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Dublin: 8 °C Thursday 21 November, 2019
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Controversial hand gesture overshadows O'Sullivan's march to the quarter-finals

The ‘Rocket’ will need just one more frame to win the best of 25 contest.

Ronnie O'Sullivan is spoken to by referee Olivier Marteel in his second round match against Matthew Stevens.
Ronnie O'Sullivan is spoken to by referee Olivier Marteel in his second round match against Matthew Stevens.
Image: Anna Gowthorpe

FIVE-TIME-WINNER Ronnie O’Sullivan was on the verge of a quarter-final place in this year’s World Championship after going 12-4 up against Matthew Stevens on Sunday.

Now the ‘Rocket’ will need just one more frame to win the best of 25 contest when his match with the Welshman is played to a finish on Monday.

O’Sullivan made two rapid hundreds but once again at this year’s tournament he found himself flirting with disciplinary action after being spoken to by referee Olivier Marteel towards the end of the afternoon session.

Marteel had a word with O’Sullivan after the player made a hand gesture, believed to be directed at himself, after Stevens missed a red.

O’Sullivan escaped being fined in the first round after briefly playing in his socks after a new pair of shoes proved uncomfortable, completing the match in shoes belonging to tournament director Mike Ganley.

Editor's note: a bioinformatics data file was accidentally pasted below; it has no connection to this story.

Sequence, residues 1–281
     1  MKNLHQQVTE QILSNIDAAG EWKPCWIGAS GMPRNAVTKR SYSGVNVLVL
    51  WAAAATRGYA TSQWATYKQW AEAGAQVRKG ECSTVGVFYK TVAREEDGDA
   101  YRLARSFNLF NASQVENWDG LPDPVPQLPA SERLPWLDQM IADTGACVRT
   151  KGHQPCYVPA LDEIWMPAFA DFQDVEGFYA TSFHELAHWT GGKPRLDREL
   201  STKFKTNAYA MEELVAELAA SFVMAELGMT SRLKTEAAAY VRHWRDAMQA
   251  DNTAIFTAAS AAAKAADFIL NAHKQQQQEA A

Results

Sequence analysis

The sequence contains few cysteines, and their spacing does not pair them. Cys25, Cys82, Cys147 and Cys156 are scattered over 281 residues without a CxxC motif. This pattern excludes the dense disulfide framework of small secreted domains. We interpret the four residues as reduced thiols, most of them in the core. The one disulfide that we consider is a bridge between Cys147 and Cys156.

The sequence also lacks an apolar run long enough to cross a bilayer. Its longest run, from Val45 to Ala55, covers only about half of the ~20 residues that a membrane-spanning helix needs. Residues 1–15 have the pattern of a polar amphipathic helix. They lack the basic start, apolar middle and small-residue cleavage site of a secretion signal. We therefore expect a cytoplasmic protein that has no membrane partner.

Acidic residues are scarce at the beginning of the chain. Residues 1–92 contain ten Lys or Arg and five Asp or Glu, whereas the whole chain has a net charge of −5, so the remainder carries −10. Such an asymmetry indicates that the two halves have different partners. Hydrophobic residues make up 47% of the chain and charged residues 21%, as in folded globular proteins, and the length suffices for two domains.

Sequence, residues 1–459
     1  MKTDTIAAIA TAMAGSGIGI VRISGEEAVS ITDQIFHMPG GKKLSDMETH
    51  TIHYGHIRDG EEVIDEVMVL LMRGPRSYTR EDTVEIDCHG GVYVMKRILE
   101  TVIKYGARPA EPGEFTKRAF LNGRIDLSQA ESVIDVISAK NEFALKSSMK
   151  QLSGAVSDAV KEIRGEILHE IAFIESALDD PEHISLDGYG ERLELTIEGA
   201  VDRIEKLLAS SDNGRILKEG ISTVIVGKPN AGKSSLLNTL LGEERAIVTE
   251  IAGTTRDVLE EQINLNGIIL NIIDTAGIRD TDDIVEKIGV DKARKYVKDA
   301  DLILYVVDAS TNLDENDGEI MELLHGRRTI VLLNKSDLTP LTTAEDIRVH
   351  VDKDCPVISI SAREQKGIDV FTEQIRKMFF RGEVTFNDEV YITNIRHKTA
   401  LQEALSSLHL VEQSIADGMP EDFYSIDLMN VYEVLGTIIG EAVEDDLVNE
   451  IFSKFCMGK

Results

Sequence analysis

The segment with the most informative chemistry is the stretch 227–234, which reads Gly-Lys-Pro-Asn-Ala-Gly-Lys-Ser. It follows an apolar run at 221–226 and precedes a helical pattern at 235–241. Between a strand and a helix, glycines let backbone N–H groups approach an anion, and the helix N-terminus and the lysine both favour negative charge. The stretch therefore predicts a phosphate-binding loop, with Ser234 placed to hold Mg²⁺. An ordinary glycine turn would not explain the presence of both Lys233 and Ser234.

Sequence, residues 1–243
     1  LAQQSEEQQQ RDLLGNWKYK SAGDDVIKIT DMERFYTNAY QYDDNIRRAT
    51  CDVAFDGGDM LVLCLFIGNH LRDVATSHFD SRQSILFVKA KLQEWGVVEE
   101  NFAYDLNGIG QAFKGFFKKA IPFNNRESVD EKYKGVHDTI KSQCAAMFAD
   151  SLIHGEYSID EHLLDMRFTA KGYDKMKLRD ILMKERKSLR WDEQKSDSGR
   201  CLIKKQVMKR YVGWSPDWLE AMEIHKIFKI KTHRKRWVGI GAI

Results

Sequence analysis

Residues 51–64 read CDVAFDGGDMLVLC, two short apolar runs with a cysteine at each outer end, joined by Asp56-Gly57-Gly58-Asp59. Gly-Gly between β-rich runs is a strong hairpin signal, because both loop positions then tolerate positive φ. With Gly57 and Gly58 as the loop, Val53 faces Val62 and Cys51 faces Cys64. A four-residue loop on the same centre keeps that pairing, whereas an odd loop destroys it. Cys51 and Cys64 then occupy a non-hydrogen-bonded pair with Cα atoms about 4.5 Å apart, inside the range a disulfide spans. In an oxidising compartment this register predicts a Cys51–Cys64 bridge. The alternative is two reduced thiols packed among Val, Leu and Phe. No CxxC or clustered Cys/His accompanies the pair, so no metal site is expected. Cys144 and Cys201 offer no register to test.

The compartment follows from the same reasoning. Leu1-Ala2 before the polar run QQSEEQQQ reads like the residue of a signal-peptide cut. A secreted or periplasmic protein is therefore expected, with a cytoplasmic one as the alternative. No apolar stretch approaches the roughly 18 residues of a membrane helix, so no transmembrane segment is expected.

Although a breach of the rules, O’Sullivan’s action was not deemed sufficiently severe to warrant any punishment and it was a similar story on Sunday, although a tournament spokesman said any further unsavoury gestures could see the player docked a frame.

Meanwhile Australia’s Neil Robertson, world champion in 2010, continued to dominate his match against two-time runner-up Ali Carter.

Robertson, 6-2 up overnight, lost the first frame of Sunday’s play but then won the next five to go 11-3 ahead before his English opponent avoided the embarrassment of losing with a session to spare by taking the next two frames to leave the ‘Thunder from Down Under’ well-placed at 11-5 in front.

Shaun Murphy, who beat Stevens in the 2005 world final, was quickly into his stride against Joe Perry, going 7-1 up in the all-English contest, while Judd Trump edged 5-3 in front of Hong Kong’s Marco Fu.

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AFP

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